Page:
Chief Economist Markus Schomer draws on a solid basis of research and fundamental and macroeconomic analysis to inform his top-down views, leveraging PineBridge’s large network of local experts to develop probable macroeconomic scenarios.
Schomer and the team focus on both the intermediate-term horizon, an outlook over nine to 18 months, as well as a longer-term view looking out up to three years.
Strategy meetings and forums inform the construction of our Capital Market Line, a five-year view of risk and return across the investment spectrum. These quarterly sessions provide an opportunity to tune out market noise and think clearly together, and are supplemented with seven monthly strategy meetings that focus on current developments.
The Multi-Asset forums are open to all of our investment professionals, who can participate and hear the latest from our subject-matter experts on what’s moving markets and asset classes, from currencies to rates and everything in between. Our unique culture enables a continual dialogue, not only through these meetings but through everyday interactions. This “organized familiarity” is a cornerstone of our firm’s culture that sets us apart in the industry.
The regular meetings that inform our Capital Market Line enable the Multi-Asset team to assess the most compelling opinions from across asset classes and distill them to form our forward-looking view of risk and return.
Our Dynamic Approach Adjusts Based on the Unique Opportunities of Each Market Cycle
For illustrative purposes only. We are not soliciting or recommending any action based on this material. Any views represent the opinion of the investment manager and are subject to change.
At other asset managers, the equity team may decide what the equity market return will be, the fixed income team decides its own return, and so forth, with the multi-asset offering merely combining these inputs. But this can result in an overall portfolio with inconsistent, incoherent views. As Portfolio Manager Hani Redha explains, “At PineBridge, our team assesses the most convincing arguments and combines them to form the Capital Market Line, which informs our portfolio construction.”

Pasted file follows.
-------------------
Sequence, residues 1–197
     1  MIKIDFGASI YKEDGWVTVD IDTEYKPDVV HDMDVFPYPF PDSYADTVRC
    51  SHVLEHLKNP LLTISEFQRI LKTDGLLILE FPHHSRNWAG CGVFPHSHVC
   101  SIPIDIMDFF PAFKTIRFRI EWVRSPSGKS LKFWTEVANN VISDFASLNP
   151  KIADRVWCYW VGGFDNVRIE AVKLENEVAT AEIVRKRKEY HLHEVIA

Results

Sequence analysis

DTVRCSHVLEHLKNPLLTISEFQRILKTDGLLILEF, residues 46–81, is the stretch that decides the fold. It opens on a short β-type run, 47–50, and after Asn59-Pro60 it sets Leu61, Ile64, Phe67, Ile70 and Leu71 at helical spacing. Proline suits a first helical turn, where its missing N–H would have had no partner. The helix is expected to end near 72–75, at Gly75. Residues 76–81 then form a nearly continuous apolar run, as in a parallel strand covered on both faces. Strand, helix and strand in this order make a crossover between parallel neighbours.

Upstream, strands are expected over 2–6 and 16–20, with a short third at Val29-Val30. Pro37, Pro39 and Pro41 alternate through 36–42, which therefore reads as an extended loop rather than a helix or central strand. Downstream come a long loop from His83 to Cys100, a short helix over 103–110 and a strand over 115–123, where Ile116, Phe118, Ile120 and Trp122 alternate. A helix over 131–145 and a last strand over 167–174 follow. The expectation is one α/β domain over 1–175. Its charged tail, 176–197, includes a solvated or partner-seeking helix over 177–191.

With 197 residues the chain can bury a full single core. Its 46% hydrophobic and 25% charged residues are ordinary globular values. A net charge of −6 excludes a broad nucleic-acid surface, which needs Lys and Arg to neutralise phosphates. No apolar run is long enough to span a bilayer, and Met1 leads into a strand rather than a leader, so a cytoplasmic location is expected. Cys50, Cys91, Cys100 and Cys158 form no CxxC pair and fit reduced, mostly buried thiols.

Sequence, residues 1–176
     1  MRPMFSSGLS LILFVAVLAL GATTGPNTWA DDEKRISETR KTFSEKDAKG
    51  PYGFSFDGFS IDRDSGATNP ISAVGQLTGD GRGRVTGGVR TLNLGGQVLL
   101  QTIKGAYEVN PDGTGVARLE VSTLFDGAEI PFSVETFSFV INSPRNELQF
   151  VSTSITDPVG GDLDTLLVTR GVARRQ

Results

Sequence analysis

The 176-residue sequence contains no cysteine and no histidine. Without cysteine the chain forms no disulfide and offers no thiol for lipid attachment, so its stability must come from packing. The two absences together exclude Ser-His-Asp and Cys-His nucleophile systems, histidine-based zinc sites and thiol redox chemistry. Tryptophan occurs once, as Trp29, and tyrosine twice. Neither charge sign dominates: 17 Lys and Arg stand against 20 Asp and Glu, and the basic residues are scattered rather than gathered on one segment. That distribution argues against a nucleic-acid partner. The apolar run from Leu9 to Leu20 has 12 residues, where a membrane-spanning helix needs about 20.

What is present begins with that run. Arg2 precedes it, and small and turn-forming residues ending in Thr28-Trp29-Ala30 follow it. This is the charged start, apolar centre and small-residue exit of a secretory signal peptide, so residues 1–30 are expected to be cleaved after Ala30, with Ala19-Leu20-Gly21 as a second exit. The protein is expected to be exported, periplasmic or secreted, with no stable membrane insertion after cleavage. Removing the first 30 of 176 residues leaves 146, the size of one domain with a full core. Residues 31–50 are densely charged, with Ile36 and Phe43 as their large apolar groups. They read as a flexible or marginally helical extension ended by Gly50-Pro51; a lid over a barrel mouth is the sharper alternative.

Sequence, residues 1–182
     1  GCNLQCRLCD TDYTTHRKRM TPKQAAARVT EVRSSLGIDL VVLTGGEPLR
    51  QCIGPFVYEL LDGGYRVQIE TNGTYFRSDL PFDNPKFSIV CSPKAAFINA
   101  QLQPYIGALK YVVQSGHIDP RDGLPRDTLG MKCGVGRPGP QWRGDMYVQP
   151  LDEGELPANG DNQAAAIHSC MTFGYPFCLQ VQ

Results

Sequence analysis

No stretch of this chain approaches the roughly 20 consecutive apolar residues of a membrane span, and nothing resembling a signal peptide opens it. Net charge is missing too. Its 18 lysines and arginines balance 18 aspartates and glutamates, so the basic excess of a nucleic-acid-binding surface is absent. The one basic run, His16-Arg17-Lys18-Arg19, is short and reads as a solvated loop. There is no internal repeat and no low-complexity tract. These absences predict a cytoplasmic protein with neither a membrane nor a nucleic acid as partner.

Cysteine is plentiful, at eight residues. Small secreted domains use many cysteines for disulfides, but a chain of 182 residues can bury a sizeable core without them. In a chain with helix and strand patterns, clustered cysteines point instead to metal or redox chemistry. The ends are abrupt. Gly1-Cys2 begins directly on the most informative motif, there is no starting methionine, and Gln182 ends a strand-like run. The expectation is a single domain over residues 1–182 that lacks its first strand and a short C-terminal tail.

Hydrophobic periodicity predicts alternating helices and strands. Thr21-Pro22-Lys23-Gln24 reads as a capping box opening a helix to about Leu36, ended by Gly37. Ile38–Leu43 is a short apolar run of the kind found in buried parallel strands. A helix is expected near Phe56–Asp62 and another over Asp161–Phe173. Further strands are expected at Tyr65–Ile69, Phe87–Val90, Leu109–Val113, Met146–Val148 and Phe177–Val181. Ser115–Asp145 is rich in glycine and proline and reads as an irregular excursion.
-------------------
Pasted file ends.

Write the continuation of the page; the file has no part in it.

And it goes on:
These investment forums also enable the team to respond dynamically to market volatility by ensuring that all stakeholders are regularly exposed to different perspectives on the data, helping to glean fundamental signals and inflection points from the noise. This can be highly valuable, both in terms of spotting new opportunities and conducting risk management.
“We can only have an edge if we communicate very effectively with our bottom-up specialists,” Redha says. “So when volatility spikes, we can de-risk because of the trajectory we – as generalists and specialists working together – see unfolding for those fundamentals.”
This ability to be nimble, and adjust as market conditions dictate, is critical to helping our clients meet their specific objectives.
As part of this approach, we often identify new thematic ideas for our portfolios, which reflect the changing environment by combining top-down and bottom-up analysis. We employ a high-conviction, dynamic approach, where we size our positions to reflect the strength of our convictions. This is another key differentiator from our peers.
To benefit from the trend in companies spending to improve productivity, our Multi-Asset and Equity teams collaborated to identify stocks with the highest potential revenue exposure to this theme – for example, stocks in cloud computing and cybersecurity – ultimately creating a thematic basket to express this development.
The team’s productivity basket was recognized by Chief Investment Officer magazine, which named PineBridge’s Multi-Asset team as the most innovative multi-asset manager of 2018.2